India struggle to crack Anderson code

India struggle to crack Anderson code

England's James Anderson celebrates the wicket of India's Ishant Sharma. (Action Images via Reuters)

James Anderson is one code the Indians have found very hard to crack, especially on his home turf. Add Lord’s, overcast conditions and a pitch that offers assistance, he can be extremely devastating.


The 36-year-old pacer, nicknamed the ‘King of Swing’ in this part of the world, ran through the Indian side with another mesmerising performance. Thanks to Anderson's five for 20, India were shot out for just 107 in their first innings of the second Test.


It was his third five-wicket haul against India at the ‘Home of Cricket’ and his fourth overall. England’s most successful pacer, Anderson also left himself just one wicket short of completing 100 wickets at Lord’s.


The magical part about Anderson is the way he can swing the ball in both directions and the ability to maintain a high level of consistency in line and length. Ball after ball keeps landing in the same area and while the batsmen know what’s coming at them, they just have no choice but to face the bullets and hope for a reprieve sometime soon. The channel outside the off-stump preys on their ego and the one that comes in, luring them onto their front foot for the flick, before shaping away has often had many top-order batsmen flummoxed.


Indian vice-captain Ajinkya Rahane felt there’s very little one can do when a bowler of Anderson’s quality is on song. “You cannot be too harsh on yourself when you get conditions like this. James Anderson was really good (today). He bowled in the right areas. Think bowling 13-14 overs for 20 runs and getting 5 wickets is really good, that’s why he is a quality bowler.


“He didn’t bowl one short ball (today). He was just bowling consistently in the four-five metre length. That is really crucial on this wicket. If you’re bowling that length, you got to bowl consistently, then as a batsman you have to leave the ball or you’ve to back your methods consistently. You cannot think that if you play three maiden overs (you’ve done your job). You’ve got to be ready to play another three maiden overs after that. It’s all about patience in these conditions and trusting your methods and backing your ability.”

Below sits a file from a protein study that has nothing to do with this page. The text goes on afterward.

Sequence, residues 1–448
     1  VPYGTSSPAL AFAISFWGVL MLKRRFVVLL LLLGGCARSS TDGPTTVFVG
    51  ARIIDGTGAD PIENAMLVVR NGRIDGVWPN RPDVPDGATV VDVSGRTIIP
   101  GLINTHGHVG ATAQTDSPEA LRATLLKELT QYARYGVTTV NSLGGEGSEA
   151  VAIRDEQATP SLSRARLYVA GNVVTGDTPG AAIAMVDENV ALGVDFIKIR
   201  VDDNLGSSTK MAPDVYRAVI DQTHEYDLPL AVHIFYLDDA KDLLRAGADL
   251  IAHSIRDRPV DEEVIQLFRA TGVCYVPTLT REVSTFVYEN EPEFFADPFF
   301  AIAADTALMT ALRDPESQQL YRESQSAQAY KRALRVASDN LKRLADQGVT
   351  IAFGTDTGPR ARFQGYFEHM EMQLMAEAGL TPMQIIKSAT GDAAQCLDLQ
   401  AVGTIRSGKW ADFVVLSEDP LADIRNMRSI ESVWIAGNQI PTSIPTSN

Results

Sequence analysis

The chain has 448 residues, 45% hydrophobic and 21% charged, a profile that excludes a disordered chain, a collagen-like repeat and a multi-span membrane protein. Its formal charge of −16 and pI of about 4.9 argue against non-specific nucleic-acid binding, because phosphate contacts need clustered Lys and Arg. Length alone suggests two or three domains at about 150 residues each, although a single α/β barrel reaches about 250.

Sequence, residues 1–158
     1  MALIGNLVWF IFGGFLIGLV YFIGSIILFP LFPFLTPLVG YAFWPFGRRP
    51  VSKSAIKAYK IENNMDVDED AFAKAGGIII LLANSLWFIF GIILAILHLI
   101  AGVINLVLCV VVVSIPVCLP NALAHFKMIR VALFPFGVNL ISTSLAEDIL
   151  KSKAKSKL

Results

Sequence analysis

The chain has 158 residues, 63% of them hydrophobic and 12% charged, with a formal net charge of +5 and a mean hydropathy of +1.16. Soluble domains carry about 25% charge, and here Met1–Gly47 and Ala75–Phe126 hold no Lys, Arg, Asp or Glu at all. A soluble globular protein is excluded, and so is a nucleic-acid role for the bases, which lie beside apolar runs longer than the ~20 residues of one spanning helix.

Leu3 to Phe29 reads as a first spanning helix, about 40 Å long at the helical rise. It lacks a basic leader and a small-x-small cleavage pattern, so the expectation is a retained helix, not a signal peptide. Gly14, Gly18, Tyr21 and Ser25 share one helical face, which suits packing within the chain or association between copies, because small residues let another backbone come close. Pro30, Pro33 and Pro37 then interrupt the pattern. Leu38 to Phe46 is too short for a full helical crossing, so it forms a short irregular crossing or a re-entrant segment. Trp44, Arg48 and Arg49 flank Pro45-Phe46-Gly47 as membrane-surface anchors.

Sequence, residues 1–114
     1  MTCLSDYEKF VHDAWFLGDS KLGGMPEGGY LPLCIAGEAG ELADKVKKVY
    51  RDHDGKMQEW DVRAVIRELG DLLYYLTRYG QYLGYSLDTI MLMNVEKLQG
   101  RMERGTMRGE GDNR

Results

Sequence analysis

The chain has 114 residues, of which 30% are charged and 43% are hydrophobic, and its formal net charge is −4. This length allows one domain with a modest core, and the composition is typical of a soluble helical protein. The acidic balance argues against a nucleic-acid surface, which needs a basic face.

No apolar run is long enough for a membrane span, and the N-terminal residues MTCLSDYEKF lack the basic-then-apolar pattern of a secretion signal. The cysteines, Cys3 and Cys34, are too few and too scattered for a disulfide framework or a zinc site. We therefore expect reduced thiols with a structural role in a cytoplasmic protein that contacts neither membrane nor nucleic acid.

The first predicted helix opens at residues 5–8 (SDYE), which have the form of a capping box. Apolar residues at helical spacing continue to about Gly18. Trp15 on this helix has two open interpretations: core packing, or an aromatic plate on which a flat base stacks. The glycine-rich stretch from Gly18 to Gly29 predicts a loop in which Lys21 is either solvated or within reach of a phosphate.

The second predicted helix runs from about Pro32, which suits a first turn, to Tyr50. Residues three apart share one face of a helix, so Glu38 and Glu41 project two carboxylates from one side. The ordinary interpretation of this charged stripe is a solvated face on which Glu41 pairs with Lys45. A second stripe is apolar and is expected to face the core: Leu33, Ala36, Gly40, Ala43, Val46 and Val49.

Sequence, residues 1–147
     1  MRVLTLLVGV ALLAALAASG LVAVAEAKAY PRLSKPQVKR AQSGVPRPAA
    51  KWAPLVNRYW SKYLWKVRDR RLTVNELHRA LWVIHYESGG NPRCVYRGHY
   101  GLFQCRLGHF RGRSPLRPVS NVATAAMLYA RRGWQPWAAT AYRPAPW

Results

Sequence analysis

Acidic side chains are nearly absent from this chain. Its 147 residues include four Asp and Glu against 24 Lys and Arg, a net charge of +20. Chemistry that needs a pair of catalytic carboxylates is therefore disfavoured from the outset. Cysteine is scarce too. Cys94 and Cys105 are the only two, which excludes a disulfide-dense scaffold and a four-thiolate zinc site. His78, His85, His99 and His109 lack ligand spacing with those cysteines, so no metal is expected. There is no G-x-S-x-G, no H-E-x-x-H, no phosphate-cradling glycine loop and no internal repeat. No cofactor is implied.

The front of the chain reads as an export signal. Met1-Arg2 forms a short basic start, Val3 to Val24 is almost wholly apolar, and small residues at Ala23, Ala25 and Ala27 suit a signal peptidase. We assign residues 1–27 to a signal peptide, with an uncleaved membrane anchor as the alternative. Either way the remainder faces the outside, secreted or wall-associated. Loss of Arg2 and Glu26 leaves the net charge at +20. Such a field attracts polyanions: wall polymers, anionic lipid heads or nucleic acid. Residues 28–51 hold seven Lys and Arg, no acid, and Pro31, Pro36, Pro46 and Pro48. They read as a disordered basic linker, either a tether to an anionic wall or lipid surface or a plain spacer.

Apart from discipline, another fascinating part about Anderson is his endurance. He made his debut way back in 2003 and although he’s had his battles with a shoulder injury, he’s always managed to make a comeback and still lead the English pace attack with gusto. Anderson, on 549 wickets, reckoned he still has a lot to achieve and has no thoughts of hanging his boots anytime soon. 


“All I think about is getting my body in as good a condition as it can be to cope with bowling out in the middle. I was delighted with how many overs I bowled at Edgbaston. For my body to get through that at this age I’m really happy with. I think I’m doing the right stuff off the field. But I don’t think about numbers or my age, I feel like, I won’t say 28, but 32. I don’t feel old, I feel like I can still throw myself around in the field as well as anyone else so as long as I feel like that I’m just going to keep playing as long as possible. Hopefully the wickets will keep coming as well and I can help this team keep winning.”


With Anderson in that mood, it could only spell trouble for India. They really to find need some answers soon.

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